Suicide blasts kill at least 31 in Somalia

NAIROBI, Kenya — Five suicide blasts rocked government and international targets in northern Somalia on Wednesday, killing at least 31 people, according to international security officials, in the most highly coordinated terrorist strike in years in the troubled East African nation.

Although no group immediately claimed responsibility, the strike had the markings of an al Qaida attack because of its timing and organization, Jendayi Frazer, the assistant secretary of state for African affairs, said in Nairobi, where regional leaders were holding meetings on Somalia's long-running political crisis.

The midmorning blasts occurred within an hour in the semi-autonomous northern regions of Somaliland and Puntland, which are separated from the Arabian Peninsula by the Gulf of Aden.

Until now, the regions had been spared the high levels of violence that have engulfed the southern capital, Mogadishu, where an increasingly formidable Islamist insurgency has been raging for nearly two years. Security experts said the attacks appeared timed to disrupt the regional meeting in Nairobi aimed at jump-starting a peace process for Somalia, which hasn't had a functioning government since 1991.

The insurgency is led by a militant group known as al Shabaab, which the State Department has designated a terrorist organization and which has claimed ties with al Qaida. The group has boycotted the peace talks, and its leaders have said they won't respect a cease-fire that was signed over the weekend until all troops from neighboring Ethiopia, which invaded Somalia nearly two years ago with U.S. intelligence support to oust a hard-line Islamist regime, leave the country.

The worst damage Wednesday occurred in Hargeisa, the capital of Somaliland, where car bombs struck the presidential residence, a United Nations compound and the Ethiopian Embassy. Fourteen people were killed at the presidential compound, U.N. officials said, and a total of 16 at the U.N. compound and the embassy. A Hargeisa resident, Roda Isak, said that she saw blood all over the entrance to the palace, "like water."

"There are a lot of injured people in the hospital," Isak said by telephone. "Very serious injuries, blood everywhere, like you cannot recognize people's faces."

In Bossasso, the capital of neighboring Puntland, two cars loaded with explosives drove into separate compounds that house the Puntland intelligence service shortly after 10 a.m., according to Abdallah Rashid Abdalla, a teacher who also spoke by phone. Thirteen people were injured in the attacks and one was killed, a woman who worked as a cook for the intelligence service, Abdalla said.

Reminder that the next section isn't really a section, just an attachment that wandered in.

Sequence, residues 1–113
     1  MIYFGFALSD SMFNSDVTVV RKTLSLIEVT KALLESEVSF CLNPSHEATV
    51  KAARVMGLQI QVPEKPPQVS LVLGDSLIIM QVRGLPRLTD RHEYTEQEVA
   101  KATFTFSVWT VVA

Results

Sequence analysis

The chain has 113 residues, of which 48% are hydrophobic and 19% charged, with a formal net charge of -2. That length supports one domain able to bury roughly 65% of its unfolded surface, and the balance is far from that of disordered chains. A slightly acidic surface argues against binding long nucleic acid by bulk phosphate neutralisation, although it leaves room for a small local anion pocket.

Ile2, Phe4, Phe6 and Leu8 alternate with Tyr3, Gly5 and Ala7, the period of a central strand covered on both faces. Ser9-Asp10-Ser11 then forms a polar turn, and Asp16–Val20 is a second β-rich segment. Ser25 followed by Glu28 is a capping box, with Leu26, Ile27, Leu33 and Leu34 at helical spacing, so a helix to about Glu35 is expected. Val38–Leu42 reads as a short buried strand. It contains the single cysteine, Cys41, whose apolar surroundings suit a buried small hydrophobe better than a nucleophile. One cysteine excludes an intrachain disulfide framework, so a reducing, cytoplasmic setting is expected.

The attacks underscored the huge obstacles that the peace process faces.

A U.N.-backed transitional government was formed nearly five years ago to restore order to Somalia, but it's split apart because of corruption, infighting and clan divisions. With less than a year left in its mandate, its leaders have lost control of nearly all the country to militant groups such as al Shabaab, which have begun targeting African Union peacekeepers and humanitarian workers.

The lawlessness extends to the waters off Somalia, where pirates in speedboats have earned world headlines this year by capturing dozens of vessels and securing millions of dollars in ransom payments.

Frazer rejected charges that U.S. policy in Somalia — which has included backing the Ethiopian invasion and launching several airstrikes on reported terrorist targets since last year, some of which reportedly have killed civilians — has contributed to the chaos. She noted that the Bush administration has provided $237 million in humanitarian aid this year and long has called for the Somali government to reach out to moderate Islamist leaders.

"The Somali leadership must come together to better govern their country, and to govern it in an inclusive fashion," Frazer said. "That's not a factor of U.S. policy."

Frazer hailed the cease-fire between the Somali government and a leading opposition group composed of some moderate members of the former Islamist regime, which also calls for a 10,000-strong Somali police force to be established to provide security. Experts said that militants were unlikely to observe the agreement, however.

"The hard-core al Shabaab are not on board," said Richard Barno, a Somalia analyst with the Institute for Security Studies, a South Africa-based research center. "As long as hard-core al Shabaab are not on board, they're still going to cause problems. There's still going to be violence."


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